Third grade teachers Lori Zarate (top left) and Jill Cusack (top right) pose with students (left to right) Ethan Joseph Levy, Rachel Hopkins, Zoey Feller, Oscar Law and Melody Steinberg at the Human Rights Art Competition ceremony on Jan. 25.

Third grade teachers Lori Zarate (top left) and Jill Cusack (top right) pose with students (left to right) Ethan Joseph Levy, Rachel Hopkins, Zoey Feller, Oscar Law and Melody Steinberg at the Human Rights Art Competition ceremony on Jan. 25.

 

Five third grade students from Buckley Elementary School in Lansing were honored for their work of poetry submitted to the 32nd Annual Human Rights Arts Competition at the Tompkins County Public Library on Jan. 25.

The competition is hosted each year by the Tompkins County Office of Human Rights. Students from kindergarten to high school around the county learn about the 30 articles of the Universal Declaration of Human Rights (UDHR), which was adopted by the United Nations General Assembly, and submit various forms of art that incorporate at least one article from the UDHR. Categories included visual art, poetry, short film and recorded performance (dance or spoken word).

In the poetry category for third through fifth grade students, Ethan Joseph Levy, Zoey Feller, Oscar Law, Melody Steinberg and Rachel Hopkins all were recognized for their writing that Saturday.

Levy won the Dorothy Cotton Poetry Prize for his acrostic poem titled “Equal Rights.” The award is a collaboration with the Office of Human Rights and the Dorothy Cotton Institute that honors an outstanding piece of poetry written by a student. Dorothy Cotton was a civil rights activist and was the Education Director of the Southern Christian Leadership Conference, an African American civil rights organization. Levy chose to incorporate all 30 articles in his poem.

“I just thought it was a good thing to do and help people out with human rights,” Levy said.

Zoey Feller won first place among third, fourth and fifth graders with her poem “Freedom of Thought.” Feller said she wrote about how people “have the right to believe what they want to believe in.”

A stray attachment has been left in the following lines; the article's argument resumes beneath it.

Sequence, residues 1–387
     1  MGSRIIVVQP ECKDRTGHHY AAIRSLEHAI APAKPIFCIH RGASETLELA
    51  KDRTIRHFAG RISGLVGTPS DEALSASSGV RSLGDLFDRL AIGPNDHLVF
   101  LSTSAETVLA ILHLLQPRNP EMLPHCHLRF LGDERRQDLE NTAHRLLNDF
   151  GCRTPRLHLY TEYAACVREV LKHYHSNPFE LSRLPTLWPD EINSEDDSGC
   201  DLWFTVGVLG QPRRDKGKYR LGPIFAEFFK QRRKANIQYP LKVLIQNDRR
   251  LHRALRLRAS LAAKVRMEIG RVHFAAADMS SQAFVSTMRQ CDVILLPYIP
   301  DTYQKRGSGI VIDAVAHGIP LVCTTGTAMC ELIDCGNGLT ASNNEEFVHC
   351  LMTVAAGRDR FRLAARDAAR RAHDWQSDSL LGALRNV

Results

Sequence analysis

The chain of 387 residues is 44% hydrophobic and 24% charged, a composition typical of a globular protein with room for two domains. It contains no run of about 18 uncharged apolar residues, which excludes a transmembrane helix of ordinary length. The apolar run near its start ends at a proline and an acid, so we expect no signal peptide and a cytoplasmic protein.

Oscar Law won second place with his poem “Right to Education.” Law said he wrote about how “it’s not fair if you don’t get the same amount of education as other people.”

“I love school. It’s fun,” Law said. “If some people…didn’t get to do that, I feel like I wouldn’t know what to do.”

Melody Steinberg won third place with her poem “We Are All Born Free and Equal.” Steinberg said she wrote about people should be allowed to have different ideas and should be treated the same way.

“I chose this because it matters,” Steinberg said. “I think we should have all the same ideas and do whatever we want, and it doesn’t matter how you look because I see people that aren’t treated fairly sometimes.”

Rachel Hopkins earned an honorable mention for her poem “The Right to Education.”

“I picked the right to education because it’s a special topic and everyone should be able to go to school,” Hopkins said.

Third grade teacher Jill Cusack teaches Feller, Law and Steinberg. Cusack said she was very impressed with the energy all of the students put into their work.

“We spent a lot of time in the fall reading the 30 articles of human rights, and really reading them together and reading them independently and with partners, and really talking about what each right means and why it’s important,” Cusack said. “There was so much passion for this topic and this competition allowed them an opportunity to express themselves with something that they really cared about.”

(2) comments

Richard Ballantyne

The name of the delightful lady is Lori Zarate, not Lori Karate.

Staff
Marshal Hopkins

Thank you!

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